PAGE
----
Now I have finally been elected as district councillor for the Petersfield St Peter’s ward, I feel it is safe to reveal a dark secret about myself. 

Not only am I a folkie, but I have a banjo in my possession and am not afraid to use it. 

As far as I am aware, my fellow Liberal Democrat councillor for the ward, Phil Shaw, has no such vice to confess. 

At folk festivals, my wife and I keep a running total of the number of deaths referred to in the song lyrics. As most ballads have their origins in the popular broadsheets produced in previous centuries, the count soon adds up. 

Long-forgotten battles, shipwrecks and mining disasters are always good for a few hundred. Then there are the gory murders and forsaken lovers who end it all in a variety of tragically-inventive way. 

By the end of an afternoon concert, we’re normally up to triple figures. 

Apart from the body count, false promises and broken agreements play a prominent part in the folk canon. Many a fair Nancy, Molly or Jill promise their hearts to a blackguardly sailor, highwayman or squire only to be left waiting at the quayside, gallows or altar in tears. 

A cautionary tale to those who are tempted to throw in their lot with those who have ulterior motives.

These lyrics came to mind as news emerged of the Faustian pact that Cllr Andy Tree and the Whitehill and Bordon Community Party have entered into with the Conservatives to preserve the Conservatives’ control of East Hampshire District Council. 

There are recent parliamentary precedents. In 2017, Theresa May – you remember, the one who spluttered her way through her speech at Conservative Conference while, irony upon irony, the letters dropped off the set behind her – was forced into bed with the DUP.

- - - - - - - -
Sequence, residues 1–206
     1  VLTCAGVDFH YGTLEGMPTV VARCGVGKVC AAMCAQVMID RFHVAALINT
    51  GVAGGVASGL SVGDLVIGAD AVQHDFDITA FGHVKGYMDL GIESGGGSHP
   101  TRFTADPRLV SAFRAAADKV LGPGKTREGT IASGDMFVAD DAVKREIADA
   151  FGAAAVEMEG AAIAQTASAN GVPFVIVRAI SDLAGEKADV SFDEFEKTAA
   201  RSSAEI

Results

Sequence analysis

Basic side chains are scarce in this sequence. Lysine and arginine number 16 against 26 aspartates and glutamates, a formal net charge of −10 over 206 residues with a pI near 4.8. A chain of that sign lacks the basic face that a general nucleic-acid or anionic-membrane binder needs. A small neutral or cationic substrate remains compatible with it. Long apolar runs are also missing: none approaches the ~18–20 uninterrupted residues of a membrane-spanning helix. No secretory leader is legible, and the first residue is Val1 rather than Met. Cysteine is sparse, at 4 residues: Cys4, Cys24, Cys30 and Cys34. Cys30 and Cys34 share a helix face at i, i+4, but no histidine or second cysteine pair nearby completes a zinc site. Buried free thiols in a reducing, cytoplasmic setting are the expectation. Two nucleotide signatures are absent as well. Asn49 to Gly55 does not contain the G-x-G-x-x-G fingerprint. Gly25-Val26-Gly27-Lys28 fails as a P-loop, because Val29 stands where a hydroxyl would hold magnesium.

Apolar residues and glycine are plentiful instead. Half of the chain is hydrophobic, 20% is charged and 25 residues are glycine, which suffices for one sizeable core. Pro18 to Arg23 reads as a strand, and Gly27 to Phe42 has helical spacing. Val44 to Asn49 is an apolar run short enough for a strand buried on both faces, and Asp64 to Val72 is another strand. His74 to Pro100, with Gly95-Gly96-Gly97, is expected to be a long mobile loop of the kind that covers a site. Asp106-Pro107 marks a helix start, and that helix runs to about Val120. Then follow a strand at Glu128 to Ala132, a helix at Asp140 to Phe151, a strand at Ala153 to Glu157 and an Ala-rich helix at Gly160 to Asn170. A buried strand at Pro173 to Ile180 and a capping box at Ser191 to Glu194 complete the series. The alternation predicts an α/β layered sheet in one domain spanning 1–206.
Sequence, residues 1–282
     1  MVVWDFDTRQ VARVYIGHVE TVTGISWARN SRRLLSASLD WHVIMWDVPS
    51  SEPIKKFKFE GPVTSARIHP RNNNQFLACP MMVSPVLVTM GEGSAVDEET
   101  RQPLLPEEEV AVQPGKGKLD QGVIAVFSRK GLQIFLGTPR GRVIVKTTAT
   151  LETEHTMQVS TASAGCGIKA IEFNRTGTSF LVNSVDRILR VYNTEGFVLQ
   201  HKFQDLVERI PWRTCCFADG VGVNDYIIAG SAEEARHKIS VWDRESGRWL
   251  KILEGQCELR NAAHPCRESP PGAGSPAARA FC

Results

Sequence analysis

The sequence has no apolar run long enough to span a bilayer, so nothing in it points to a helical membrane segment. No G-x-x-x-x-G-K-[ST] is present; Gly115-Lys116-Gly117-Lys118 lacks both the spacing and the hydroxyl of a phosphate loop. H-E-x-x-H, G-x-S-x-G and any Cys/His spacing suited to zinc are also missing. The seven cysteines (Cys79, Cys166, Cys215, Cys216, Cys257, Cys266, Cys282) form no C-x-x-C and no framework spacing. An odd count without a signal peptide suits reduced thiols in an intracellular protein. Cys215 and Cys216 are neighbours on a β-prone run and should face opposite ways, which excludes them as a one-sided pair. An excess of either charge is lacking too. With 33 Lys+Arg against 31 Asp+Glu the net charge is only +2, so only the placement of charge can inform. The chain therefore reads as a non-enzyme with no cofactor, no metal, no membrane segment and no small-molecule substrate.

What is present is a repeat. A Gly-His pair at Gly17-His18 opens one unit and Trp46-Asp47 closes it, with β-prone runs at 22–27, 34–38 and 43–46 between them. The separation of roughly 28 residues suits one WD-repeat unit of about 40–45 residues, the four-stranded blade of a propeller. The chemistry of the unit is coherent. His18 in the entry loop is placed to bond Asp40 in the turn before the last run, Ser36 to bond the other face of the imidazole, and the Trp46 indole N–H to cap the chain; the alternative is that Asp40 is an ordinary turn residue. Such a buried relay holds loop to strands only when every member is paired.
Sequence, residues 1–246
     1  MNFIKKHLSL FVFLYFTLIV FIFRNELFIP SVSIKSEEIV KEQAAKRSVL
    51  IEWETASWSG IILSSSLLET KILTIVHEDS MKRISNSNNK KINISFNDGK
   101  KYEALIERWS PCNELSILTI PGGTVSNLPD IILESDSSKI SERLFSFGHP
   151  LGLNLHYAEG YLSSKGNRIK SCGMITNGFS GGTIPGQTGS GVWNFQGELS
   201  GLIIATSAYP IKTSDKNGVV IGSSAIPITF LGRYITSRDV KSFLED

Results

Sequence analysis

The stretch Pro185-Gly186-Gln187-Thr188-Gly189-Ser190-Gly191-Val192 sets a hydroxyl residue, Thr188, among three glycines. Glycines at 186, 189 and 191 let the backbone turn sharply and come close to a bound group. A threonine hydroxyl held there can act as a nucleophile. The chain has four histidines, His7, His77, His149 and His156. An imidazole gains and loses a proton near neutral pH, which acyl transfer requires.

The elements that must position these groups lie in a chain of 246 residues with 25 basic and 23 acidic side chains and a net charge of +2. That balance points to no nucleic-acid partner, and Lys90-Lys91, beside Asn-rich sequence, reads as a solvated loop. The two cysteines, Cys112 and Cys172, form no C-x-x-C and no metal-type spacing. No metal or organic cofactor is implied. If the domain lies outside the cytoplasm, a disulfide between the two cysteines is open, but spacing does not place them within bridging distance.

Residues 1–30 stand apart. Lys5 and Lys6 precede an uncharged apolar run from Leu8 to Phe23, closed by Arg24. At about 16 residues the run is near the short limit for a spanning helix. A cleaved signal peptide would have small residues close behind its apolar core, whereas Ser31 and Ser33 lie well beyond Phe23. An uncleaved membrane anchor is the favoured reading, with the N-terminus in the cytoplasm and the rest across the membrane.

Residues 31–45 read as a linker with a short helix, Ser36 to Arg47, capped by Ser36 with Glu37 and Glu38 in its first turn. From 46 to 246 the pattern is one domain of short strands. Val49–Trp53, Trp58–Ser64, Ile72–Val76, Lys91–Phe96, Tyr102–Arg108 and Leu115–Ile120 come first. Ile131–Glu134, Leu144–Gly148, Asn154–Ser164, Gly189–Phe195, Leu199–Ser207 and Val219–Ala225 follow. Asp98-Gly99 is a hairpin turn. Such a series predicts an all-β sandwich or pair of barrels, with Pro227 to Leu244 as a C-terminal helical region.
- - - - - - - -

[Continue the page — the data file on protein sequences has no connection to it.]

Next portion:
I have no doubt many people in Whitehill and Bordon voted for Cllr Tree’s party because it ticked the ‘anybody but Tory’ box. How disappointed they must be now.

David Podger, Lib Dem councillor for Liss

In return for an agreement to vote with the government with no overall majority, the DUP was granted an extra £1 billion of funding for Northern Ireland, with the money to be spent on health, infrastructure and education budgets. 

Cllr Tree could have chosen a less-restrictive path. Rather than succumb to the cloying embraces of the Conservatives and accepting lucrative cabinet positions and portfolios, he could have adopted a similar deal to the DUP back in 2017. 

Not that I am attempting to draw any direct comparison between the vowel-twisting inhabitants of that troublesome province and the residents of Whitehill and Bordon, but he would at least have preserved some dignity. 

As it is, he and his colleagues are now tightly locked in the tentacles of the very political party they previously blamed for many of the ills that beset them. 

I have no doubt many people in Whitehill and Bordon voted for Cllr Tree’s party because it ticked the ‘anybody but Tory’ box. How disappointed they must be now. 

If this all sounds like sour grapes, then you’d be right. With 14 councillors elected to the district council, we too hoped to be able to form an arrangement with the six Whitehill and Bordon Community Party councillors and others to form a ‘rainbow alliance’ and take control of the district council. 

Alas, it was not to be as we could not – or would not – offer enough to satisfy Cllr Tree’s insatiable demands.

We can only hope for his sake that unlike all those deceived Nancies, Mollies and Jills the folk songs commemorate, he is not left bemoaning his fate when the true nature of his perfidious lover is revealed.

By David Podger

Lib Dem councillor for Liss